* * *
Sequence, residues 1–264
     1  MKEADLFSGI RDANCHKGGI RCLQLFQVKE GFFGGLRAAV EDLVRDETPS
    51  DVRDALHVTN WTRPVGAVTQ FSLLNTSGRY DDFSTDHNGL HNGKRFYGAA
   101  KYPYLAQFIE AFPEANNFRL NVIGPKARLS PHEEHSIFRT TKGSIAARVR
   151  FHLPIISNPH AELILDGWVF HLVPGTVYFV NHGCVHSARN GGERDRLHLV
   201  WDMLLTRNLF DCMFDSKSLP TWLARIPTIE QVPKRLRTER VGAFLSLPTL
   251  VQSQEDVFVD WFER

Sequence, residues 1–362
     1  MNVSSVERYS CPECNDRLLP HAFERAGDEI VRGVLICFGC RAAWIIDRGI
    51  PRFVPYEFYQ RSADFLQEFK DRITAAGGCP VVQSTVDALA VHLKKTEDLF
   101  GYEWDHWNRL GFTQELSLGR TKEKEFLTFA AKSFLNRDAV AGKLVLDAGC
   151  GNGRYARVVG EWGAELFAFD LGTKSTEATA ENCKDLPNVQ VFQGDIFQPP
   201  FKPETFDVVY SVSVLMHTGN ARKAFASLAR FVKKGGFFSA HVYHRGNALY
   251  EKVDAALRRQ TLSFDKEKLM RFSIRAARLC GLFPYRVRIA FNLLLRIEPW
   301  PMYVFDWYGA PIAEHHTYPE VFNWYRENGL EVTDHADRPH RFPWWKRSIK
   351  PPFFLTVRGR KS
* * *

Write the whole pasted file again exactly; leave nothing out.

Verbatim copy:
Sequence, residues 1–264
     1  MKEADLFSGI RDANCHKGGI RCLQLFQVKE GFFGGLRAAV EDLVRDETPS
    51  DVRDALHVTN WTRPVGAVTQ FSLLNTSGRY DDFSTDHNGL HNGKRFYGAA
   101  KYPYLAQFIE AFPEANNFRL NVIGPKARLS PHEEHSIFRT TKGSIAARVR
   151  FHLPIISNPH AELILDGWVF HLVPGTVYFV NHGCVHSARN GGERDRLHLV
   201  WDMLLTRNLF DCMFDSKSLP TWLARIPTIE QVPKRLRTER VGAFLSLPTL
   251  VQSQEDVFVD WFER

Sequence, residues 1–362
     1  MNVSSVERYS CPECNDRLLP HAFERAGDEI VRGVLICFGC RAAWIIDRGI
    51  PRFVPYEFYQ RSADFLQEFK DRITAAGGCP VVQSTVDALA VHLKKTEDLF
   101  GYEWDHWNRL GFTQELSLGR TKEKEFLTFA AKSFLNRDAV AGKLVLDAGC
   151  GNGRYARVVG EWGAELFAFD LGTKSTEATA ENCKDLPNVQ VFQGDIFQPP
   201  FKPETFDVVY SVSVLMHTGN ARKAFASLAR FVKKGGFFSA HVYHRGNALY
   251  EKVDAALRRQ TLSFDKEKLM RFSIRAARLC GLFPYRVRIA FNLLLRIEPW
   301  PMYVFDWYGA PIAEHHTYPE VFNWYRENGL EVTDHADRPH RFPWWKRSIK
   351  PPFFLTVRGR KS